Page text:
- Information sharing in shipping is an old tradition. Already thousands of years ago, sailors shared information with each other so that no one would run aground, Mikael Lind said in the introduction to his installation lecture.
Today, it is still about safety, but also about how shipping can be made more efficient and made more sustainable and resilient. With increased digitization, marine supply chains with higher predictability and transparency can be created. Resource and route optimization can improve both capital productivity and the energy efficiency of maritime transport. Port CDM (Port Collaborative Decision Making), the technology that Mikael Lind has been involved in developing and which uses timestamps to make port calls easier and smoother for everyone.
- If a captain learns that the process in the port is three hours late, he can slow down to arrive at the exact time for loading and unloading. In this way, fuel is saved and the world is less polluted.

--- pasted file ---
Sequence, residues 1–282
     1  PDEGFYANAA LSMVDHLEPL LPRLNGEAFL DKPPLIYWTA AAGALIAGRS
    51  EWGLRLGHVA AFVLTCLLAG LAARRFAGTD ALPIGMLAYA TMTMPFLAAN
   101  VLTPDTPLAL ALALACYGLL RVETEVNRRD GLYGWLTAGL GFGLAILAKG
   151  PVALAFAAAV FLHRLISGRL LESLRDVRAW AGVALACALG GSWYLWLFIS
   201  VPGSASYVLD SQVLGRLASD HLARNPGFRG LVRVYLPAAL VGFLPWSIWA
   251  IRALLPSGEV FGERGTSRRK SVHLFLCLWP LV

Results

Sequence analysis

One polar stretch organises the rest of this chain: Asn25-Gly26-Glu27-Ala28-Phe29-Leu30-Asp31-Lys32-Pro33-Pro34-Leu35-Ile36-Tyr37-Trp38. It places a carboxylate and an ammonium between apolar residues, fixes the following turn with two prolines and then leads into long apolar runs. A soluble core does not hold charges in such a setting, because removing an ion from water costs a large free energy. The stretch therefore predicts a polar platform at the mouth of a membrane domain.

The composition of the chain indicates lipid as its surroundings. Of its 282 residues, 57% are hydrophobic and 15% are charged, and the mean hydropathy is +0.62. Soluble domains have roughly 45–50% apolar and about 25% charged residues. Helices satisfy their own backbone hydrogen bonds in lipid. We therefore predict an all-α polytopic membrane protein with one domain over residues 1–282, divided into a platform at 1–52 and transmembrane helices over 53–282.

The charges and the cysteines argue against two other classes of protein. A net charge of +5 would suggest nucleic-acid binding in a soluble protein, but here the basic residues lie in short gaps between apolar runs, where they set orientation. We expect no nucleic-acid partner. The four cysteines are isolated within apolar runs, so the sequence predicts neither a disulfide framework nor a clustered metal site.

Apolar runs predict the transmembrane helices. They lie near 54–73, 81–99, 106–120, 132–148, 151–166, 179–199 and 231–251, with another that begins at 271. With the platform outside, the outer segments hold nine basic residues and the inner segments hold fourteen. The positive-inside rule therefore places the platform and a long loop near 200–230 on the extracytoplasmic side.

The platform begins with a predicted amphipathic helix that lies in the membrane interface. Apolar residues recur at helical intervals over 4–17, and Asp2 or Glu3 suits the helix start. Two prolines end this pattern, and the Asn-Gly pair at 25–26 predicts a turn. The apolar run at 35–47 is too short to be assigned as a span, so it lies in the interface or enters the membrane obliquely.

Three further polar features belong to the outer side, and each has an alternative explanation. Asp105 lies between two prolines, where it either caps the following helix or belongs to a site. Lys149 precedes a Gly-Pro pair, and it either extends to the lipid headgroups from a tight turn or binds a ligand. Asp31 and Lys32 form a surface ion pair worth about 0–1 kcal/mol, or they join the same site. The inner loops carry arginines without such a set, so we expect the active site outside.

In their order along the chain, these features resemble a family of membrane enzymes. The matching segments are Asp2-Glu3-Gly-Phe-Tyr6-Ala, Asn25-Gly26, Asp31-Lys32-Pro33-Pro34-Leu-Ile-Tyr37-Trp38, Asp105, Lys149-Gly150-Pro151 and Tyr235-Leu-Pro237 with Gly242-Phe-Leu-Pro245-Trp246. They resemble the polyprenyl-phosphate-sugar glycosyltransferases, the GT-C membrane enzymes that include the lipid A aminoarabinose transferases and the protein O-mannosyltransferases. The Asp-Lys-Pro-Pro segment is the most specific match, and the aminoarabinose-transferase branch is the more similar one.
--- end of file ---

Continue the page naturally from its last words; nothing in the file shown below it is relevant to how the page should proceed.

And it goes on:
There is a lot of work to do in this area. There are around 90,000 ships in the world, which together make around 20 million calls to 8,000 ports every year. But 80 percent of the ports today do not have the digital capacity required to meet the IT development that is now on the rise.
But how automated can the ports, which also become hubs in an intermodal transport system, become?
- A lot is being done to make ships autonomous, but I think the majority of the ships of the future will be so-called smart ships with supporting autonomous functions on board. I think the same development applies to the ports.
Mikael Lind is Senior Strategic Research Advisor at Research Institutes of Sweden (RISE).
He has been the lead author of many concept notes in marine and transport informatics taken up by the international trade press. Mikael has co-authored two books on Maritime Informatics, and the second book - with 130-plus authors from 25-plus nations – is expected to hit the shelves in the near future.